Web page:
5th Feb 2020 : The Hindu Editorials Notes : Mains Sure Shot
Question – Discuss the impacts of attaching medical colleges to existing district hospitals in the PPP mode.
Context – The experiment of PPP model in hospitals.
- Setting up of medical colleges in existing district hospitals under the Public Private Partnership (PPP) mode.
- The States which fully allow the facilities of the hospital to the medical college and wish to provide land at a concession would be eligible for viability gap funding.
- To address the shortage of doctors.
- It is practically not possible for Central and State governments to bridge the gaps in medical education with their limited resources and finances, necessitating the formation of a PPP model.
- It combines the strengths of both sectors – public and private.
- It augments the number of medical seats available.
- moderates the costs of medical education.
- Allowing private parties to “operate and maintain the district hospital and provide healthcare services” could seriously dent public health services
- The draft indicates that the private firm “can demand, collect and appropriate hospital charges from patients”.
- It destabilizes people’s access to affordable public health services, which can be disastrous.
- The government must consider raising health-care spending beyond the usual under 2% of GDP.
- It should ensure more resources are available to provide free, quality health care to all.
Note – Today there is an article on the 15th Finance Commission. The following are the major highlights:
15th FINANCE COMMISSION:
- The appointment of the Fifteenth Finance Commission by the President of India under Article 280 of the Constitution was notified on November 27, 2017.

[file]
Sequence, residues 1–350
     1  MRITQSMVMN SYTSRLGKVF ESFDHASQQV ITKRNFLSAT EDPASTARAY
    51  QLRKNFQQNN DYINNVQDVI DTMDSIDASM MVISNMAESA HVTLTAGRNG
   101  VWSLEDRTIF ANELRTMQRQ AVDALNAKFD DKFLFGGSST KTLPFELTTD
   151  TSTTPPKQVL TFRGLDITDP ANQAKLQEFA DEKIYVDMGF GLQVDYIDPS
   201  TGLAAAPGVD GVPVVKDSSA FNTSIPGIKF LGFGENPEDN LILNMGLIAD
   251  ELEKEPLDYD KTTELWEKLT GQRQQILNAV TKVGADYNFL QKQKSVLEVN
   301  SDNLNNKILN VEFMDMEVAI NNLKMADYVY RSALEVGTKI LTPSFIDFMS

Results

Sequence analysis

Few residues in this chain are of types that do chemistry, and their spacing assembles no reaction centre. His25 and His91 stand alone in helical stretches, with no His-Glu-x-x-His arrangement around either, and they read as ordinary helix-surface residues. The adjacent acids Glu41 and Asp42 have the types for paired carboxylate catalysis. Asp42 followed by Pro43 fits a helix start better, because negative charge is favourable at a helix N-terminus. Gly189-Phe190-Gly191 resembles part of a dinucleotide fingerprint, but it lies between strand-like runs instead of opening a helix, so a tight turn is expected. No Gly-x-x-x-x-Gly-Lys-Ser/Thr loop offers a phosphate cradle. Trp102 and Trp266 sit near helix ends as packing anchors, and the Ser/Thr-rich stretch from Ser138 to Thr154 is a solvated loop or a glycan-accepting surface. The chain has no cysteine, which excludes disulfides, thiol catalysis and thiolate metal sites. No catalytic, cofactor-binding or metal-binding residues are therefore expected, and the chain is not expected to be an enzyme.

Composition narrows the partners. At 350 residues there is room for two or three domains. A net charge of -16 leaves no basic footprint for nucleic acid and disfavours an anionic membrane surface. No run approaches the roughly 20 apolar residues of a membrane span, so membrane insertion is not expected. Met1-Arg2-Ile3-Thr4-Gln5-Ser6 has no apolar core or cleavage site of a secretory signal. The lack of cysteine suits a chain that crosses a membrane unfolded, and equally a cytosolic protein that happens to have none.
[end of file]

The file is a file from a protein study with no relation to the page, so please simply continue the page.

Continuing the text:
- It was required to submit the report by October 30, 2019 for five years for the period 2020-21 to 2024-25.
- However, due to various political and fiscal developments, the tenure of the Commission was extended to submit its report.
- Now it will submit two reports, one for 2020-21 and the second covering the period of five years beginning April 1, 2021.
Finance Commission and its functions:
The Finance Commission has the following functions or duties:
- The Commission makes recommendations to the President of India on the distribution of tax proceeds between the Union and the States and the share of each state.
- The Commission also decides the principles that govern the payment of grants-in-aid to states from the Consolidated Fund of India.
- The President of India can also refer any other matter to the Finance Commission in the interest of building a sound financial system.
Reasons for extension:
- The abolition of Statehood to Jammu and Kashmir required the Commission to make an estimation excluding the Union Territory.
- The deceleration in growth and low inflation has substantially slowed down the nominal GDP growth which is the main tax base proxy; making projections of tax revenues and expenditures based on this for the medium term could have posed serious risks.
Recommendations suggested in the Report:
- The Commission has continued with the approach and methodology adopted by the previous Commissions for tax devolution and revenue-gap grants.
- vertical division of taxes – States’ share is 41%
- For the horizontal shares, however, the formula has been changed to consider “fiscal needs, equity and efficiency”.
- Factors considered – income distance, population and area and forest cover, two additional factors — demographic performance and tax effort were also used.
o 15% weight to the 2011 population,
o reduced the weight of income distance to 45%,
o increased the weight to forest cover and ecology to 10%
o 12.5% weight to demographic performance and
o 2.5% weight to tax effort.
- In terms of relative shares in tax devolution, among the major States the biggest loser is Karnataka followed by Uttar Pradesh, Kerala, Telangana and Andhra Pradesh.
- The major reason for Karnataka and Kerala losing on devolution is that their per capita income growth has been faster than most other States.
- Suggested grants for local bodies amount to ₹90,000 crore comprising ₹60,750 crore for panchayats and the remaining ₹29,250 crore for municipal bodies.
- For PRIs, 50% of the grant is tied to improving sanitation and supply of drinking water, rest untied.
- The Commission has recommended the creation of a disaster mitigation fund at the Central and State levels.
- For 2020-21, it has recommended ₹7,735 crore for improving nutrition based on the numbers of children in the 0-6 age group and lactating mothers.
- Proposed to give grants for police training, modernisation and housing, railway projects in States etc.